Presentation on theme: "Avian Hematology Slides. Avian RBC maturation-The younger cells are smaller, rounder and have a more basophilic cytoplasm. Mature erythrocytes are oval."— Presentation transcript:
Avian Hematology Slides
Avian RBC maturation-The younger cells are smaller, rounder and have a more basophilic cytoplasm. Mature erythrocytes are oval with eosinophilic cytoplasm. The nuclear size decreases and the amount of cytoplasm increases as the cell matures. Polychromatic (younger) RBCs Basophilic (even younger) erythroblast Mature erythrocytes
This is a very young red blood cell or basophilic erythroblast. Also present are some polychromatic and mature erythrocytes. Basophilic erythroblast Polychromatic erythrocytes Mature erythrocytes
There is a definite increase in the number of young RBCs in this field. This would indicate regenerative anemia. The body is producing more red blood cells to replace a loss. If the number of RBCs falls below the normal range it could be due to blood loss or perhaps RBC destruction.
Here you see an anucleated RBC. The presence of a small number of these cells has no pathological significance. Also note the smudged RBC. Red blood cells are very fragile and are often damaged when the slide is made. RBC with no nucleus (anucleated) Smudged RBC
These are typical avian white blood cells. The heterophil (on the right) is round with round red granules in the clear cytoplasm. The eosinophil is also round with a blue-gray cytoplasm and stains more noticeably than the heterophil. Eosinophil Heterophil
This is another example of an avian eosinophil.
This is an example of a heterophil that is broken, revealing rod- shaped, red granules.
This is an example of a basophil. The cell is round and contains a nucleus that is light blue in color. It has a large number of deeply basophilic-staining granules that almost cover the nucleus.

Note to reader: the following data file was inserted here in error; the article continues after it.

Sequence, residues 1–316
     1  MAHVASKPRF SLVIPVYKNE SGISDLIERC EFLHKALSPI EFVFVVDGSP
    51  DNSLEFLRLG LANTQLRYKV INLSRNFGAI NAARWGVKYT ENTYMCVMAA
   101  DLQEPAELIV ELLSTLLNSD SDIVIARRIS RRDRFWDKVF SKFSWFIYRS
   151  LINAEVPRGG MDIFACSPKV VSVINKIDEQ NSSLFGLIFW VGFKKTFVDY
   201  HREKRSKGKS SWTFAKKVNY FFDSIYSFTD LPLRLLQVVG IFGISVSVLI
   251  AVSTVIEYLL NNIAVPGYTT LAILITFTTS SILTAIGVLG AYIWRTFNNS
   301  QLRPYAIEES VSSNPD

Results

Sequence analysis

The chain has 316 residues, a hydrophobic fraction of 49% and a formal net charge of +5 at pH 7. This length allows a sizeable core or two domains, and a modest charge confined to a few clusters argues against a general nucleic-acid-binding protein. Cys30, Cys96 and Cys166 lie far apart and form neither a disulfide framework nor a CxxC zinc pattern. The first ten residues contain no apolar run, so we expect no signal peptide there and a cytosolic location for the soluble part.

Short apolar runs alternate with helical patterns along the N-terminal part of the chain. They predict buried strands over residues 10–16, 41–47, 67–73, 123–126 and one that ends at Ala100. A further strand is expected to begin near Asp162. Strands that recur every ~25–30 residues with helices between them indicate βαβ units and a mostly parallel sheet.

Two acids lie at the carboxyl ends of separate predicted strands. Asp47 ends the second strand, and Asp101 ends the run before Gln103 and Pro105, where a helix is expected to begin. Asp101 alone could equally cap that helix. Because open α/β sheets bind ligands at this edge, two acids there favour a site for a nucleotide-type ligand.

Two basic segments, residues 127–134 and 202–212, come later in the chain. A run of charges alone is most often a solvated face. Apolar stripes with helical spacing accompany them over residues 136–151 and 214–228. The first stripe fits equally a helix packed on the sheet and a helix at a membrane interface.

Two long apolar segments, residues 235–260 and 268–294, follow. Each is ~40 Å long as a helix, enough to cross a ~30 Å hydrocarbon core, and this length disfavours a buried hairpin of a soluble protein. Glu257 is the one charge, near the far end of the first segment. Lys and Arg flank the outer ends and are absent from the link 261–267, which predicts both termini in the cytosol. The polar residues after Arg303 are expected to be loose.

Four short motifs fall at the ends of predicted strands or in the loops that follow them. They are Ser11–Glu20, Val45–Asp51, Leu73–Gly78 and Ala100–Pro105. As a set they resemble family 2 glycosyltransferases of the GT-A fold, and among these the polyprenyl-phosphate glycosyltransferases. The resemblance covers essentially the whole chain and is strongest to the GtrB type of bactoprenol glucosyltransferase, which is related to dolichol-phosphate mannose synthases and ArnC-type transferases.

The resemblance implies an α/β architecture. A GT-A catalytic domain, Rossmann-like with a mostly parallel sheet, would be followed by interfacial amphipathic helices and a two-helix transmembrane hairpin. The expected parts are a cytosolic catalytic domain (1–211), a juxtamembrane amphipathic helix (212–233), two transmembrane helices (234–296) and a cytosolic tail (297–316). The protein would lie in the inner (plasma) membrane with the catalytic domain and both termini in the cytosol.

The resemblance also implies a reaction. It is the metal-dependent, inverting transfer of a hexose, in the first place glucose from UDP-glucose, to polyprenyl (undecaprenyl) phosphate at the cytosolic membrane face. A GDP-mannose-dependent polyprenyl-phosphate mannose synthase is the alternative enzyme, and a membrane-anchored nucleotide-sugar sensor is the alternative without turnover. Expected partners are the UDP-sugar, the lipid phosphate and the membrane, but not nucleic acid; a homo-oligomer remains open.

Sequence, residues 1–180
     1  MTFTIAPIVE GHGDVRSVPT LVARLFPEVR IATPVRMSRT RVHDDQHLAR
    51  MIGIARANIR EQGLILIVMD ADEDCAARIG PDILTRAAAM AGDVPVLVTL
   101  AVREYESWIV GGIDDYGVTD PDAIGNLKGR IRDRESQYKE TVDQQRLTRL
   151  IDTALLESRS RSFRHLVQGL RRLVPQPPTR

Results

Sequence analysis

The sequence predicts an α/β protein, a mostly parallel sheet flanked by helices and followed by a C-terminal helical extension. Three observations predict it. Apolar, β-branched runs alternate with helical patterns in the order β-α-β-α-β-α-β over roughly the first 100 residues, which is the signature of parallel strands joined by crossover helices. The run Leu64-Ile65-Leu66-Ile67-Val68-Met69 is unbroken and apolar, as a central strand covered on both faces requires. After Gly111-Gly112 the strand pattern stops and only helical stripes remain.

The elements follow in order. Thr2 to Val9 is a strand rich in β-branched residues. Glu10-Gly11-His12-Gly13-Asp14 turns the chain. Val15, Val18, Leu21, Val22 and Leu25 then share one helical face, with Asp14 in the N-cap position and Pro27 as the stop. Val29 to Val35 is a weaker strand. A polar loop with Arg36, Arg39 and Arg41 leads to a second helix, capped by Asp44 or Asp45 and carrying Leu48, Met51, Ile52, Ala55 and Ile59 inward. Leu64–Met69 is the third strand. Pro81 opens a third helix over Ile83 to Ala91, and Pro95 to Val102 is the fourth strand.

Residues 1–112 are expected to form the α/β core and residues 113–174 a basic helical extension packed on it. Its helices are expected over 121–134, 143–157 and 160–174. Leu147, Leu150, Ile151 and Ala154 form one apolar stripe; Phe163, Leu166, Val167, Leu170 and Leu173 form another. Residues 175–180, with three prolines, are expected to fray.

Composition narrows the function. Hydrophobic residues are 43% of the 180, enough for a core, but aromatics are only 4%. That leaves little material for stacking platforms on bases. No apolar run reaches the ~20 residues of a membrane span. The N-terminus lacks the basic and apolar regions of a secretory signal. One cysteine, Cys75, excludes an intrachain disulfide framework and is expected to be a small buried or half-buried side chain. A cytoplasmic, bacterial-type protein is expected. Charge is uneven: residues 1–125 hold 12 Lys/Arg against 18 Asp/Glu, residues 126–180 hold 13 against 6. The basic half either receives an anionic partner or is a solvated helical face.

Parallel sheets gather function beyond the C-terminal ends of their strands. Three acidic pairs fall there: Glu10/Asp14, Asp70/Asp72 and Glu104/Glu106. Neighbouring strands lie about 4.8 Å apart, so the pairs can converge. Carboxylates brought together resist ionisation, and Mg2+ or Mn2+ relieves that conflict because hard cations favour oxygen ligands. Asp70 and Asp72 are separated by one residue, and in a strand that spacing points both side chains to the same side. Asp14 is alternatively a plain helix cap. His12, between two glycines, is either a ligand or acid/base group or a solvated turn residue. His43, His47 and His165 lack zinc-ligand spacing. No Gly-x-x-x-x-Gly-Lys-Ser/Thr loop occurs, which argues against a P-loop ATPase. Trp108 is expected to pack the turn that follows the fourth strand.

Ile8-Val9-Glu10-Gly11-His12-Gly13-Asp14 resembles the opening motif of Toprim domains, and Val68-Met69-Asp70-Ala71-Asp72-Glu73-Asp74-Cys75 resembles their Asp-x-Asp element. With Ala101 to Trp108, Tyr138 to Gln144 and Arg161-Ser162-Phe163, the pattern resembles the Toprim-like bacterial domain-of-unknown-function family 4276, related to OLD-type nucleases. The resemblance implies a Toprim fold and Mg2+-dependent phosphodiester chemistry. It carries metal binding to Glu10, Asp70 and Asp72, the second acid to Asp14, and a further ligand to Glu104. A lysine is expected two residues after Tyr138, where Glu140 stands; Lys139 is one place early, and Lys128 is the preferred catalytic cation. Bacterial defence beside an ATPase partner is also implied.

This field contains a heterophil (at top) and a lymphocyte. The heterophil has rod-shaped granules. The lymphocyte is molded around the adjacent cells. There is a high nuclear to cytoplasmic ratio in the lymphocyte.
This is an example of a lymphocyte that has irregular cytoplasmic projections, known as blebs.
Another lymph with blebs
This shows mature red cells, a young (polychromatic) red blood cell and a lymphocyte. Note how the lymph is molded around the adjacent RBCs. Polychromatic RBC Lymphocyte
This blood is from a white-winged dove. Their lymphocytes have granules in the cytoplasm. Lymphocyte
This is a small lymphocyte showing very little cytoplasm.
This is a monocyte. Note the indented nucleus, and the abundant amount of light blue cytoplasm. This helps to distinguish it from a lymphocyte, which has a smaller proportion of cytoplasm. Monocyte
This is another monocyte. The nucleus shows less indentation. There is a greater amount of cytoplasm than you would see in a lymphocyte.
Here you see a monocyte with an indented nucleus and some vacuoles. Above it is a heterophil.
These are clumped thrombocytes. Note that they are small, usually more rounded than RBCs, hand have clear cytoplasm.
Here is another thrombocyte.
Here we see a heterophil (left), a lymphocyte (center) and a monocyte (right).
All of the hematology slides in this presentation were generously donated by Dr. David Phalen, Associate Professor of Large Animal Medicine and Surgery, Texas A&M University.